Creative paper folding can be used to create hundreds of different decorations, as well as jewellery, boxes, cups, toys and other items. This paper folding technique, called origami, was originally developed in Japan. Many origami designs are simple, which makes it easy for beginner folders to become familiar with the art. However, paper folding can still be tricky. There are a few key things to remember or learn before you decide to tackle your first paper folding project.
- Skill level:
Become familiar with some of the basic origami folds. Throughout most origami instructions, you'll be asked to mountain and valley fold. This indicates the direction in which the paper is folded. You may also be asked to create inside or outside reverse folds, squash folds and petal folds. When you have become familiar with these folds, many origami diagrams will make more sense.
Learn the ways different folds are represented in paper folding diagrams. For example, a valley fold is indicated by a dotted line. Knowing this will help you interpret the diagrams.
Study some of the basic origami bases. Bases, such as the waterbomb base, bird base and frog base, are used as a starting point in many origami designs. Studying these bases, as well as other common bases, will make the origami diagrams easier to understand. These bases will also give you practice with some of the common folds.
Find a simple origami diagram. There are hundreds of diagrams available in books or online. Choose a diagram that is marked "beginner" or "easy" for your first attempt at origami. Difficult origami diagrams use more advanced folds and techniques, which can make folding very frustrating if you've never tried it before.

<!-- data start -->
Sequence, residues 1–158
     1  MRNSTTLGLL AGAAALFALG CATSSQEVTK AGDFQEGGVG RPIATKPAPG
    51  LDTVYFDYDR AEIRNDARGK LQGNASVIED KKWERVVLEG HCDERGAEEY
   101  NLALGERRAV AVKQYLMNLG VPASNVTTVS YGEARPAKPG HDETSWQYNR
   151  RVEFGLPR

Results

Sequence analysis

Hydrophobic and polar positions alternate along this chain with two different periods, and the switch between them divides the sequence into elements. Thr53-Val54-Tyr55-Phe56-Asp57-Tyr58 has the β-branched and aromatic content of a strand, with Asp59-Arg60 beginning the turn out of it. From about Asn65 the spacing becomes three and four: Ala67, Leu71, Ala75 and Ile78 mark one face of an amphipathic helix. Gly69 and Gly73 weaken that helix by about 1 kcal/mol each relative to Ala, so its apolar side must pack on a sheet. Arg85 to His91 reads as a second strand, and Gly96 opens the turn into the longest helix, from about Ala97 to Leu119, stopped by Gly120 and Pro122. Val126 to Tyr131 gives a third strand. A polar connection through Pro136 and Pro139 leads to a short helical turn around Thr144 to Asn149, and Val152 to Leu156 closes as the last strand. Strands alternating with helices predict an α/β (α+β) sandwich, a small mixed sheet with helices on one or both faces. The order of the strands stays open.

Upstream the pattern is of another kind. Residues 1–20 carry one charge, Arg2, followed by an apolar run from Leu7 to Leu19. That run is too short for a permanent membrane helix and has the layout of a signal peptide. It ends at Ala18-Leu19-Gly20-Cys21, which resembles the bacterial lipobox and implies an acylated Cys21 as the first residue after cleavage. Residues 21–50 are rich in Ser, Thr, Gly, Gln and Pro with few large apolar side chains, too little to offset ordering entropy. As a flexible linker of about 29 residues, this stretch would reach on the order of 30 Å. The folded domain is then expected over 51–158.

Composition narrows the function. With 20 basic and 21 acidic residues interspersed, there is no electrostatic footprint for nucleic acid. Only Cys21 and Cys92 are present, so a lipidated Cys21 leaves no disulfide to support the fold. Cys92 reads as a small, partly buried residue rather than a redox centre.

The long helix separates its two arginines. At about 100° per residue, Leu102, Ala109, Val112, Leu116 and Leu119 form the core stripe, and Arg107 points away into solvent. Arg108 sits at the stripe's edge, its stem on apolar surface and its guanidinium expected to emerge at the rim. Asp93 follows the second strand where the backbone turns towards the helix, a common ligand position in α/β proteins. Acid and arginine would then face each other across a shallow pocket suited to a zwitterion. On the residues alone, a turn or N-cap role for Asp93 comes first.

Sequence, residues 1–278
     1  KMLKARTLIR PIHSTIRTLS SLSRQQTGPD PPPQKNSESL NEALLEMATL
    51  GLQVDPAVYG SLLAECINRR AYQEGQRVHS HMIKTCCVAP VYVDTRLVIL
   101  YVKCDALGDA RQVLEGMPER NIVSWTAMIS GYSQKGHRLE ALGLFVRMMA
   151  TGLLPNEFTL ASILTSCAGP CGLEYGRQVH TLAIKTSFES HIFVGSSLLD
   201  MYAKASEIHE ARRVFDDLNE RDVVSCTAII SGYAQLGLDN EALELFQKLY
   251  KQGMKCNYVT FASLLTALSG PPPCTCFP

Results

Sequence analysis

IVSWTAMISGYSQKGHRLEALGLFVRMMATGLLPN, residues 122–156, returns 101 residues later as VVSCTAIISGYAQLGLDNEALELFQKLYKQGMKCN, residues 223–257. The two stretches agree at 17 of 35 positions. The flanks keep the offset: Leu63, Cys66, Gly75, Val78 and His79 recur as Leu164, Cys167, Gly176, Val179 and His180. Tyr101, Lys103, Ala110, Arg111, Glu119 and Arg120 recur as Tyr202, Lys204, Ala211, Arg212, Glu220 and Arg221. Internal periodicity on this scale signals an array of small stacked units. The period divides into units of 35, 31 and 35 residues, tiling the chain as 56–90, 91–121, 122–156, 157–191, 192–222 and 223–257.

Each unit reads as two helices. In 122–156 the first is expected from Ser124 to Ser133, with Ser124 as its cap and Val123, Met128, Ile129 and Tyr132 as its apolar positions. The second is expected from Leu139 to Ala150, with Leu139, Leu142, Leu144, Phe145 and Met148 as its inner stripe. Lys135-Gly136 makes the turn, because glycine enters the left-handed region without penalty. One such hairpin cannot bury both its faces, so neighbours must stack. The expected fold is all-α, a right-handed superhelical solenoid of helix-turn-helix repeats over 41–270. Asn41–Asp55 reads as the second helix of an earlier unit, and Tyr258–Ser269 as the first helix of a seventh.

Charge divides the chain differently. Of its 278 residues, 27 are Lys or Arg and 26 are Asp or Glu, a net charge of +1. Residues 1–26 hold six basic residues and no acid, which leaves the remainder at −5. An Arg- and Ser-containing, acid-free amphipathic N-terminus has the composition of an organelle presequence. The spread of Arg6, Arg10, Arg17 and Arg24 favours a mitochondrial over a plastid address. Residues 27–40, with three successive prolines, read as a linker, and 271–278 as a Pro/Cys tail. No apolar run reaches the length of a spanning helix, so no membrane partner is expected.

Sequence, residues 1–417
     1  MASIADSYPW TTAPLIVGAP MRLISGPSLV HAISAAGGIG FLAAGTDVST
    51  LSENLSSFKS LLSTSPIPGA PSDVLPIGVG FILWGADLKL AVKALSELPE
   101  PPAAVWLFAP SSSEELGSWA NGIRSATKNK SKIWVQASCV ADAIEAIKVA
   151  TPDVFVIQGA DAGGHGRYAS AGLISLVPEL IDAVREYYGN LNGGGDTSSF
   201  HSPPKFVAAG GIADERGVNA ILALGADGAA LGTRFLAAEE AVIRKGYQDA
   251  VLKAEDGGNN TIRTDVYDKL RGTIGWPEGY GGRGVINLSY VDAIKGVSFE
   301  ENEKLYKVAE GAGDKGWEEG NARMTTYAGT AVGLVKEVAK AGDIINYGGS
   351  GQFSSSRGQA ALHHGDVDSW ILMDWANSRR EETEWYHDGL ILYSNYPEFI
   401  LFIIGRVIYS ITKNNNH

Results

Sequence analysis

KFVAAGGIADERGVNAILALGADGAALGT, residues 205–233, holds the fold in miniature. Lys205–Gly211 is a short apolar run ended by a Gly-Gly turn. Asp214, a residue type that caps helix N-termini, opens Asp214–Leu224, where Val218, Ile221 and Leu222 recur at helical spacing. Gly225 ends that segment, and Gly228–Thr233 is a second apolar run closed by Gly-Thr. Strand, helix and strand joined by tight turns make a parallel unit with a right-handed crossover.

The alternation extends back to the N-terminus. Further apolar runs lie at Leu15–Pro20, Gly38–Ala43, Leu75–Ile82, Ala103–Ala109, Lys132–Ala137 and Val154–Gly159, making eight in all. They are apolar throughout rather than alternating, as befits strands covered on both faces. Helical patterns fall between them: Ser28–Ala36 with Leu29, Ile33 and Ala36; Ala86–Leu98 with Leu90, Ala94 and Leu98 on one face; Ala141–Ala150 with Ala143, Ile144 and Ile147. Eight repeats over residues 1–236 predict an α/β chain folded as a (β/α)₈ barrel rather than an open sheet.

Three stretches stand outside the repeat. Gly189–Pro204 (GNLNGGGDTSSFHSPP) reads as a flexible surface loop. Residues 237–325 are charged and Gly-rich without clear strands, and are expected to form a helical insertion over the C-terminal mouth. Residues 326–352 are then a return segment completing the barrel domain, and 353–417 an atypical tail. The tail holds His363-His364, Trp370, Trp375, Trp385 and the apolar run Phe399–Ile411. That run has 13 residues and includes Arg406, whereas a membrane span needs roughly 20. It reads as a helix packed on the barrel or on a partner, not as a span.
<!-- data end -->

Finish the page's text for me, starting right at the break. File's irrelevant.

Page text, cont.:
Select a paper with which to create your origami design. Many paper folding diagrams suggest a certain type of paper such as a flexible paper or a stiff paper. Other diagrams suggest size or colour of paper. Selecting a paper that matches the instructions will most likely give you a better final model.
Study the diagram you've chosen. Looking through the instructions before you begin folding will give you a better idea of the shape you're looking to accomplish at each step. Becoming familiar with the diagram also makes things easier when you're folding and reading at the same time.
Practice folding the diagram. Don't be discouraged if your first few attempts don't look perfect. This is a chance for you to become more familiar with the folds and instructions in the diagram.
Fold neatly. Make every fold precise and make the creases sharp. Neat folding makes for a neater final model.
Use these techniques to move on to more advanced paper folding. After you are comfortable folding complex models, you may want to start designing your own.
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